More efficient, more reliable, and higher-performing than the Tucson FCEV.
Hyundai is one of several automakers still aggressively pursuing hydrogen fuel-cell vehicles, and this new hydrogen-powered crossover, called Nexo, is the company’s next step in bringing that tech to the public. Compared to the outgoing Tucson-based fuel-cell model, this new one will be quicker, more reliable, more efficient, and more spacious inside. There’s not a lot known about the vehicle itself yet, but Hyundai is eager to share details on the new technology.
Though still a crossover, like the Tucson, the Nexo is based on a bespoke platform, meaning that it can be specifically tailored to the needs of hydrogen-powered cars. This means, for instance, better packaging of the tough tanks that store the fuel. Three hydrogen tanks are stored below the rear floor of the vehicle, with a lithium-ion battery pack in the trunk. The car accommodates 14.0 pounds of hydrogen, versus 12.4 in the old one, in a storage system that weighs 36 pounds less than the Tucsons. The fuel cell stack (which converts hydrogen to electricity) is smaller, too. And by having all moving parts (the drive motor and cooling components) under the hood, Hyundai says the new fuel-cell car also keeps more noise out of the passenger compartment. The fuel-cell stack itself generates 95 kilowatts of power, which coupled to the battery’s ability to deliver 40 kW, means a total of 135 kW is available for the driver motor.
That electric drive motor is more powerful than before, too. It now is rated for 120 kW and 291 pound-feet of torque, gains of 20 kW and 70 lb-ft. As a result, acceleration times for the Nexo are quicker than the Tucson FCEV: just 9.9 seconds to 60 miles per hour versus 12.5 seconds before.
As to durability, Hyundai engineers say the system has been tested to the equivalent of a 10-year/100,000-mile life span; it would take about 150,000 miles of driving before the fuel-cell stack had degraded so far as to be at an “end of life” voltage. In other words, the vehicle should last essentially as long as many owners expect internal-combustion cars to.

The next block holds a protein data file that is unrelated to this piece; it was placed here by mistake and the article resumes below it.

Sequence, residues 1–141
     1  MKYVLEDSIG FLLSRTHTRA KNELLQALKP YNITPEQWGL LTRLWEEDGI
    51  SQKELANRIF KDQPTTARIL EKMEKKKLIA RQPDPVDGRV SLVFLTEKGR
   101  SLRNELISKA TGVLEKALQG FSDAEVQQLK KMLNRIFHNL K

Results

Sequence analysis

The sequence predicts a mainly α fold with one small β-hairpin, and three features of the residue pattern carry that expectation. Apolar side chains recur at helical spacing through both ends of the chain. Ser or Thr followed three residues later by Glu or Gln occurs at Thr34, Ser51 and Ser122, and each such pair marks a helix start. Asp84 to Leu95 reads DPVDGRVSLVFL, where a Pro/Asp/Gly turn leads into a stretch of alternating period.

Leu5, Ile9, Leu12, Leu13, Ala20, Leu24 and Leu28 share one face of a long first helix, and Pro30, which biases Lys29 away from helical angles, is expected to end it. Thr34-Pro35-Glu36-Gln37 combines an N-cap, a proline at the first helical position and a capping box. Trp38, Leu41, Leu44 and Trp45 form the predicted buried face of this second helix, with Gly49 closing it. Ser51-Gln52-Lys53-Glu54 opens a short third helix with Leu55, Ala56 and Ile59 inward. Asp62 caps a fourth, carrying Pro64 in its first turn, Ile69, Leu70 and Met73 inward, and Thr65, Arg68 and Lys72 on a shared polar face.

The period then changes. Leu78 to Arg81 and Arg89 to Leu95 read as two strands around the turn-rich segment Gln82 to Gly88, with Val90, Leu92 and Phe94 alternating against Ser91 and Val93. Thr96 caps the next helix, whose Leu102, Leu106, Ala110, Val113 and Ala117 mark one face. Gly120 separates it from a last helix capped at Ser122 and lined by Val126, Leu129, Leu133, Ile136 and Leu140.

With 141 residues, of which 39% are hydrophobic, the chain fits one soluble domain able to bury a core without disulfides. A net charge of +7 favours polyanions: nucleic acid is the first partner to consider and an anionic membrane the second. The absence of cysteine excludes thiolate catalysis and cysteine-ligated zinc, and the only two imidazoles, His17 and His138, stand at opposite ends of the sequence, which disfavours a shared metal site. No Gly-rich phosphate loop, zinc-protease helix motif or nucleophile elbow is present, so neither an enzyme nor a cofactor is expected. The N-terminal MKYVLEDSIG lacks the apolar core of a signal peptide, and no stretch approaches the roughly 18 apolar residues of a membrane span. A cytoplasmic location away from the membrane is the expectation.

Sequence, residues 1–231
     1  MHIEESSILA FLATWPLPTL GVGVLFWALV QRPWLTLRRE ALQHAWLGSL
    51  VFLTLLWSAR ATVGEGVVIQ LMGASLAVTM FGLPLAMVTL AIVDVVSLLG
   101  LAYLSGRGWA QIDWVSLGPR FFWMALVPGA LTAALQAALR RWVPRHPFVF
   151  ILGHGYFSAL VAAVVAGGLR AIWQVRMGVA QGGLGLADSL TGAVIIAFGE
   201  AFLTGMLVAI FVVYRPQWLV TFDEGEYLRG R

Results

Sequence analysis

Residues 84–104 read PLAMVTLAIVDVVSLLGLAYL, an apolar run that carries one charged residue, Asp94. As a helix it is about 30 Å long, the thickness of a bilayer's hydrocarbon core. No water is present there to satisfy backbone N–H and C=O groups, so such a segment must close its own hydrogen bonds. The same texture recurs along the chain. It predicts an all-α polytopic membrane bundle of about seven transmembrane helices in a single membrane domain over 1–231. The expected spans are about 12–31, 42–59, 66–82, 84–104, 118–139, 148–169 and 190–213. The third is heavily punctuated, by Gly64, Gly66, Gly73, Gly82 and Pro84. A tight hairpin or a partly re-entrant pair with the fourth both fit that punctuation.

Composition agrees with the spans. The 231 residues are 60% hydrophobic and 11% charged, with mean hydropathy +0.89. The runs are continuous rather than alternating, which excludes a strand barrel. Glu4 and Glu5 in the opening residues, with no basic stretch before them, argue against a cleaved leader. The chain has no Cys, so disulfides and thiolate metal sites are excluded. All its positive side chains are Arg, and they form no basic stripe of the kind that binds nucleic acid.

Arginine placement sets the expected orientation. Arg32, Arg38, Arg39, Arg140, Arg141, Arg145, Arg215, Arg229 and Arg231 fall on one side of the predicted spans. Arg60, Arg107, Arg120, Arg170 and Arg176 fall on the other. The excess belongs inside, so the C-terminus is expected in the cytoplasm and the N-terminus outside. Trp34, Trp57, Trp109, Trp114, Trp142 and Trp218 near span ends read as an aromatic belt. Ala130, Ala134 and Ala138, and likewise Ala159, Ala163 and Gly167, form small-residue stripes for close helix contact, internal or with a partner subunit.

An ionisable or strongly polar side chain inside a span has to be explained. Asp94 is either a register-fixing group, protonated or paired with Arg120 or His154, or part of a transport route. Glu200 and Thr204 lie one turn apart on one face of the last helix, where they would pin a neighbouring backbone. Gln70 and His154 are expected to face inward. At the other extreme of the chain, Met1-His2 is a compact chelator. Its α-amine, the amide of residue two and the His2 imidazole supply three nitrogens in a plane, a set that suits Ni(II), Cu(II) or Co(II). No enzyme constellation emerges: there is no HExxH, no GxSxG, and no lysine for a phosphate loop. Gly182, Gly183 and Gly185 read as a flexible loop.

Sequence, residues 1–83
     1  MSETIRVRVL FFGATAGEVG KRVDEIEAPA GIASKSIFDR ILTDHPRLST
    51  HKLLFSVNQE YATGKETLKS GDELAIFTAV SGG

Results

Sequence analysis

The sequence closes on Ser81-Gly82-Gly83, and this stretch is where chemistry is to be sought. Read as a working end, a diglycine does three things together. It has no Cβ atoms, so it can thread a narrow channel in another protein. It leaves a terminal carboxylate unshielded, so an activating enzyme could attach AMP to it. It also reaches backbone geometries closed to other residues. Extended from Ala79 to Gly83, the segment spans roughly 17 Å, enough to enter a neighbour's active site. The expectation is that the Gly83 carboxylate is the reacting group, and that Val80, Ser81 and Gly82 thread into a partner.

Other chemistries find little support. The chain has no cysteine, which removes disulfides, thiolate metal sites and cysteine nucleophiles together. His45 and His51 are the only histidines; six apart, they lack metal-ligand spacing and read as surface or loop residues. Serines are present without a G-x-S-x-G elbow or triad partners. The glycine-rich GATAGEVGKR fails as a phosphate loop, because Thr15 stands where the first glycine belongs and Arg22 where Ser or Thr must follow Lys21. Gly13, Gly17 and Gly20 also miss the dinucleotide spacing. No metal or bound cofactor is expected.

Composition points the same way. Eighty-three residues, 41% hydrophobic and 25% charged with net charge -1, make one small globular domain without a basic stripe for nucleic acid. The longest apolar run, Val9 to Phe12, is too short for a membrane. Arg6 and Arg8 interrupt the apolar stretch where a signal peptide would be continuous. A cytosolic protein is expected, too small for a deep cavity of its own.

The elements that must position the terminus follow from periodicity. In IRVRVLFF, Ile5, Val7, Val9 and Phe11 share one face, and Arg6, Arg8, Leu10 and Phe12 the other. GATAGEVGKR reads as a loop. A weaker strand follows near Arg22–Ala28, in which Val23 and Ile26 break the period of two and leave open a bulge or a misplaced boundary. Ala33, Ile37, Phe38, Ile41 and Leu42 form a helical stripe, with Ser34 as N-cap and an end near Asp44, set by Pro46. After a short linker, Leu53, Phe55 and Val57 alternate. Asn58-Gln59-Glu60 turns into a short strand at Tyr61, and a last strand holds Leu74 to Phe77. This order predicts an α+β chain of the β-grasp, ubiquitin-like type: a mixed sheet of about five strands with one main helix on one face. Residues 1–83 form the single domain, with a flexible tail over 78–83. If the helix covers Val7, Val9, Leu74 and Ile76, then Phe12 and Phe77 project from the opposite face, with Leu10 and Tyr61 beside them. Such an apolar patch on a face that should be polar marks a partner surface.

Durability testing has included high-altitude testing in Mount Evans, Colorado, at 14,000 feet; towing up the steep Towne Pass in Death Valley on a 127-degree Fahrenheit day; and cold starts at -22 degrees Fahrenheit in Alaska. That last point is a big deal, as fuel cell cars typically struggle to start and produce much power in cold weather. Jerome Gregeois, senior manager for eco powertrains at Hyundai America Technical Center, says the new fuel-cell crossover is ready to run in just 30 seconds in -22-degree conditions, where the Tucson needed 90 seconds to fully warm its systems. “In a matter of minutes you can have full power,” he says.”
As might be expected from all the other technical improvements, driving range has improved, too. The Nexo is expected to get an EPA rating of 350 miles per fill-up of hydrogen while returning the equivalent of 57 MPGe. That’s enough, Gregeois notes, to drive from Los Angeles to Las Vegas without refueling. And it’s better than the Tucson FCEV’s rating of 265 miles per fill-up.
Of course, fueling up with hydrogen is still a tricky business. There are few hydrogen filling stations nationwide, and Hyundai officials say the company has no interest in getting into the fuel-supply business itself. As is the case with any fuel-cell car, it’s going to be a chicken-and-egg situation before hydrogen stations are as prevalent as gas stations – or even EV charging points.
“We still see internal combustion engines as being the dominant propulsion system out to 2025 and beyond,” says John Juriga, Hyundai of America Director of Powertrain.
It’s still not exactly clear how and when Hyundai will try to commercialize the Nexo – the Tucson FCEV was available as a lease only, and only in certain parts of southern California. But what is clear is that Hyundai remains enthusiastic about the future of hydrogen-powered vehicles.